But Trump, at least did hit Assad following the use of chemical weapons, if only partially.
Following the Khan Sheikhun sarin massacre, Trump fired 59 Tomahawk missiles at the Shayrat airbase (from which the chemical weapons had been fired), which damaged only a small portion of the base and was preceded by the US giving Russia advanced warning of the strike. It's not only that it obviously didn't serve as any kind of meaningful deterrent regarding Assad using chemical weapons, but it didn't even deter mass murder being meted out from Shayrat merely hours after the attack.
|We should take the tough talk coming from the US government following the attack with a pinch of salt|
But the method of murder was 'conventional', which is apparently okay. This gets to the absurdity of the focus on chemical weapons when you comprehend the bigger picture.
There is a genocide occurring in Syria, one that is being perpetrated by Assad, Iran and Russia. The word genocide is not one used lightly, but it is one that many of us who have been following events in Syria closely for seven years have used, but that is now gaining wider use.
Given the quantity - over 500,000 people - and the quality - deliberate massacres including industrial extermination and cleansing of millions of a certain demographic for a clear political purpose - one can only observe that what is happening in Syria is a genocide.
So, while Trump and his administration might give us rhetoric about taking 'swift action' in response to the Douma attack and tell us that "we cannot allow this atrocity to happen" (they did allow it to happen, despite the warning signs), the point is that they have been 'allowing' the genocide in its totality to happen for seven years.
There's a brutally dismal contrast to be made: In just under a month in East Ghouta, over 1,000 civilians were murdered by Assad-Iran-Russia, yet no one, certainly not the Trump administration, made any noises about regime change. Yet when at least 70 of those people are murdered by chlorine gas, suddenly there is talk of action.
Though France has pledged to aid the US in any response to Douma, this wider context doesn't fill one with much hope.
|What is happening in Syria is a genocide|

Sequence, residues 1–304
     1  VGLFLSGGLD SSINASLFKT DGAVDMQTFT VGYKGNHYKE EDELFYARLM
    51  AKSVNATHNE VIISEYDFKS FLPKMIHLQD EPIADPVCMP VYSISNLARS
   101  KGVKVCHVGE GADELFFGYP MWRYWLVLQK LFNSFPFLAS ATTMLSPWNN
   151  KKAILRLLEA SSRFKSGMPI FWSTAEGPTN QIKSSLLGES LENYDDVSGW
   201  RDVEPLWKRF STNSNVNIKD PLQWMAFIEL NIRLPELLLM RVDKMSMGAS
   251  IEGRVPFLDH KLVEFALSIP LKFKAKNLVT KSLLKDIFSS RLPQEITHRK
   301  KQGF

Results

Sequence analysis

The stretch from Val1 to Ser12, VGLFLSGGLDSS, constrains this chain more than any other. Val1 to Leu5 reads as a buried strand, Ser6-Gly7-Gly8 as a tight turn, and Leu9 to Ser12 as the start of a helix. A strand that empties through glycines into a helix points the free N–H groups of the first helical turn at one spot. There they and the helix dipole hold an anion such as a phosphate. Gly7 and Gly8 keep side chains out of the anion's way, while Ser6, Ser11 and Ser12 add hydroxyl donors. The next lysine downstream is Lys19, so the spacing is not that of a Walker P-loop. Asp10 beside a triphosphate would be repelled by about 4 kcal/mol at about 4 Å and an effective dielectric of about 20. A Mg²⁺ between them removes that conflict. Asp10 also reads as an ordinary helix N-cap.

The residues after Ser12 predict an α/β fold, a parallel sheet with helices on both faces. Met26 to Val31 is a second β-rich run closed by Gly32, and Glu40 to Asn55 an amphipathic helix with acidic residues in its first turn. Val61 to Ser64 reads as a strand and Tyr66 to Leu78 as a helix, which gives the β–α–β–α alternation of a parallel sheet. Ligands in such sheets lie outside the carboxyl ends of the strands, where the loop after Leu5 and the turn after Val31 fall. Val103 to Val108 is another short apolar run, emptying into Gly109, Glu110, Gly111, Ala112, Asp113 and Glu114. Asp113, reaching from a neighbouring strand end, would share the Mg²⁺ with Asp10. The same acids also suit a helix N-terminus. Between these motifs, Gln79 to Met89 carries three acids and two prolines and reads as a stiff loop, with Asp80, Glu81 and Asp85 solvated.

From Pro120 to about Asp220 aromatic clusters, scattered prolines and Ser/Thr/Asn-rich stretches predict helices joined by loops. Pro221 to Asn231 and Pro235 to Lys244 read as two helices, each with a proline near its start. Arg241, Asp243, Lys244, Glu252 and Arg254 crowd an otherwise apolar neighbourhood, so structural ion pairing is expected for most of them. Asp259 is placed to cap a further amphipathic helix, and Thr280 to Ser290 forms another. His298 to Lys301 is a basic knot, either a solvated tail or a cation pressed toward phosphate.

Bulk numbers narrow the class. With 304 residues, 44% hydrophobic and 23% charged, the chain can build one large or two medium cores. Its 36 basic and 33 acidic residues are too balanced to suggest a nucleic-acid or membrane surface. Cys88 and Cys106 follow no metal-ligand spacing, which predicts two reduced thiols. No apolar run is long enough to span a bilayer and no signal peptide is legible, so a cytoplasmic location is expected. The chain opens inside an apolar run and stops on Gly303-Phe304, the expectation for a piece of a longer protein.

It tells us that the main problem, which is Assad's genocide, isn't even conceived as being a real problem. Assad, the 'animal', apparently only becomes worthy of criticism when he uses chemical weapons in a large-scale attack. When he burns children alive with napalm or incinerates and maims them with missiles, the world looks the other way.
The genocide must be stopped.
Any action must be to stop the genocide – not stage-managed limited attacks on single airbases, but a no-fly zone to ensure Syrian blood being spilled is no longer a daily reality. The only reason this is far-fetched is because the world isn't interested - the logistics of it are perfectly sound.
It's true that there have been many other post-war genocides, but never has the viciousness been so comprehensively detailed in real time via the internet and social media. The victims tweeting out their helplessness. The murdered leaving behind the ghosts of their lives in the form of Facebook pages and twitter accounts. The endless videos of suffering, torture and destruction.
These atrocities are apparently not worthy of twitter condemnation by the president of the US, never mind military action.
Trump may well act against Assad for Douma, but the action will almost certainly be limited and won't change the daily reality of genocide.
The question used to be: How many Syrians must die before the world acts to stop it? The answer so far is simply and terrifyingly however many Assad, Iran and Russia deem necessary to kill.
Sam Hamad is an independent Scottish-Egyptian activist and writer
Opinions expressed in this article remain those of the author and do not necessarily represent those of The New Arab, its editorial board or staff.